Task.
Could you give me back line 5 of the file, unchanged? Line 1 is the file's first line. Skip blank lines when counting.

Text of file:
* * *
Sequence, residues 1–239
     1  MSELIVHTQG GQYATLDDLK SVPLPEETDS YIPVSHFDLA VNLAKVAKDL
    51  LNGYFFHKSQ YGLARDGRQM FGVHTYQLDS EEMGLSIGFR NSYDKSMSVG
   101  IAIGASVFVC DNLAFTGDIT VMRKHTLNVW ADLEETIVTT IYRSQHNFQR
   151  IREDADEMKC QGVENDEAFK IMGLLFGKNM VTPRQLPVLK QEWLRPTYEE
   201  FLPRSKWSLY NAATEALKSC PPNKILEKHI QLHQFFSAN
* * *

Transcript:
   151  IREDADEMKC QGVENDEAFK IMGLLFGKNM VTPRQLPVLK QEWLRPTYEE